Members of the opposition have given a cautious welcome to reports that Premier Alan Winde has appointed a service provider to conduct lifestyle audits on his cabinet. Photographer: Armand Hough/African News Agency(ANA)
Cape Town - Members of the opposition have given a cautious welcome to reports that Premier Alan Winde has appointed a service provider to conduct lifestyle audits on his cabinet in line with an election promise.

The provincial government advertised three times for the service before they received and accepted a tender by Nexus Forensic Services to complete the lifestyle audits, which Winde said were “part of our clean governance and transparency journey”.

Welcoming the audits, Good Party MPL Brett Herron said: “In response to my questions on the topic last year, the premier indicated the process would be based on self-disclosure, with subsequent verification. Unless that verification is thorough and unhindered, the audit outcome will be meaningless and nothing more than a figment of transparency.”

Heron said: “There are members of his cabinet with dark clouds over their heads. This audit process would be a good opportunity to address those questions and clear up lingering issues.”

ANC leader Cameron Dugmore reiterated that the party would have preferred that the premier got assistance from the Public Service Commission of the public protector instead of opting for a private firm.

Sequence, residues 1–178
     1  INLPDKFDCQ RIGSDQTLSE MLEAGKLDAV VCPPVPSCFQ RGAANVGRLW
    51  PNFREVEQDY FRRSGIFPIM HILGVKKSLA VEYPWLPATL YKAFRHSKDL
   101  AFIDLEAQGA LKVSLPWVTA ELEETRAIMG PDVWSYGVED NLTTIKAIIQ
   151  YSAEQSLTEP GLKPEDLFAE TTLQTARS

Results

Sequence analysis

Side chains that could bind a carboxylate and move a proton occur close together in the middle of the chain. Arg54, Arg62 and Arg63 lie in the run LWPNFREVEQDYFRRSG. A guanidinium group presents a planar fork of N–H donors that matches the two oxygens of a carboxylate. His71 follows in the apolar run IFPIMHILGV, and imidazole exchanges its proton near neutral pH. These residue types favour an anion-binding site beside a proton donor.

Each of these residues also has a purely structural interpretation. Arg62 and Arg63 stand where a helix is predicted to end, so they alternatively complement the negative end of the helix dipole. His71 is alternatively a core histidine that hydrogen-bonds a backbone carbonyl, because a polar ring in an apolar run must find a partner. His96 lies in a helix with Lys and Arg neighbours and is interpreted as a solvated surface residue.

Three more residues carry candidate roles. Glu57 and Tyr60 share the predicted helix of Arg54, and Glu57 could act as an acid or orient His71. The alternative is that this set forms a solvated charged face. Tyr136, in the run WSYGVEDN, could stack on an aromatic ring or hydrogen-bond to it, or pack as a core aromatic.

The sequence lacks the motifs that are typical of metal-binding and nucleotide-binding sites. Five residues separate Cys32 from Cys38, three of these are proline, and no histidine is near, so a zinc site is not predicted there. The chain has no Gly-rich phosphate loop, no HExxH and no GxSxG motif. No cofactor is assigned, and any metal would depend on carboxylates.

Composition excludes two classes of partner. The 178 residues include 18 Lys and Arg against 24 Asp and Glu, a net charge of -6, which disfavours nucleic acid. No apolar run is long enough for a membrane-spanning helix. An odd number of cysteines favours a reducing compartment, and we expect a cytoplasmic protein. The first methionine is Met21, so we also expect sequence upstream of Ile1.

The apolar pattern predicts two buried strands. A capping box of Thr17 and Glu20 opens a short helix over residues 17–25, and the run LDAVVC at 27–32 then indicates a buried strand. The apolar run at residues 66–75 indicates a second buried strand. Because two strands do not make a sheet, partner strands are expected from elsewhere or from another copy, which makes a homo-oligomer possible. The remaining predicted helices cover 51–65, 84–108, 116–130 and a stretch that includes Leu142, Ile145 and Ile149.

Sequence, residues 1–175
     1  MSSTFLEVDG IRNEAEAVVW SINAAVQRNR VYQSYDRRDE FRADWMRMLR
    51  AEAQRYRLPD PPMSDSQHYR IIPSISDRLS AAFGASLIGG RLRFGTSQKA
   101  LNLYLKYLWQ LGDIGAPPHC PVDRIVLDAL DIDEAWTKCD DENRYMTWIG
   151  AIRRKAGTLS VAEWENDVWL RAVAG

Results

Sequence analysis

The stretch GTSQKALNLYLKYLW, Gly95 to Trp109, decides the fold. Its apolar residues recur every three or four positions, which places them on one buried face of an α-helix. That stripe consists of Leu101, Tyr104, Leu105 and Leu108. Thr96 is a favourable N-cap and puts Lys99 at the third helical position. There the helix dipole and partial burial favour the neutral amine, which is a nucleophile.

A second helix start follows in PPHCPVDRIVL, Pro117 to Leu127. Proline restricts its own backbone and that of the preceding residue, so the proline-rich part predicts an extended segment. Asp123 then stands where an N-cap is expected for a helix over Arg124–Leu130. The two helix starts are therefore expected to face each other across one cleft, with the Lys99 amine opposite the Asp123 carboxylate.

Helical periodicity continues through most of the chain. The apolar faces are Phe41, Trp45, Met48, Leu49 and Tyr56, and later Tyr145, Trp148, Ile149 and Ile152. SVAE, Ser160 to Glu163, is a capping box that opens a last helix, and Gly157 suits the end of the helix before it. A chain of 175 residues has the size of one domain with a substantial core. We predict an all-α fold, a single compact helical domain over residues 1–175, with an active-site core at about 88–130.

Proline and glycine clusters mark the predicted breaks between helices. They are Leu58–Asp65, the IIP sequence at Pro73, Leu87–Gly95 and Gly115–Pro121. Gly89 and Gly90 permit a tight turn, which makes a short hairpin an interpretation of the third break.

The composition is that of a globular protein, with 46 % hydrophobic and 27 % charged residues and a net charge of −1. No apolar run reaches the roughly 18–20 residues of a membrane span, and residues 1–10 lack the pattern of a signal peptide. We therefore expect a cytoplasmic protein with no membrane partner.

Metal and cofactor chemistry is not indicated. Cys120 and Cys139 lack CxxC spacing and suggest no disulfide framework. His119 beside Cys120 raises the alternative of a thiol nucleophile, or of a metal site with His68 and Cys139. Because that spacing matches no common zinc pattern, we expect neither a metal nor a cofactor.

Nexus is a 51% black-owned qualifying small enterprise and holds a B-BBEE Level 2 grade with 125% procurement recognition, which allows it to contract with private as well as public institutions.

Winde said: “It’s vitally important to me that the residents of this country feel that they have leaders they can trust, especially in light of evidence of state capture and allegations of corruption in the public service. As the Western Cape, we want to set a new standard for anti-corruption.

“Through these audits we are aiming to build a financial and behavioural profile that we can replicate at the end of the term again to determine whether leaders have unfairly benefited from their position,” said Winde.

The audits will include a study of total income sources; large or significant expenditure or transactions; business interests; personal investments; individual assets such as property, vehicles, collectibles and cash; tax compliance; and financial liability. It will also review foreign travel.

Winde thanked his cabinet for readily consenting to the audits.

“We had some initial delays in appointing a service provider, but I’m satisfied that we can now start setting an example to other government leaders,” said Winde.

He added that he would provide an updated media statement once he had studied the final report in detail. The statement is expected to be released in late March.

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Cape Argus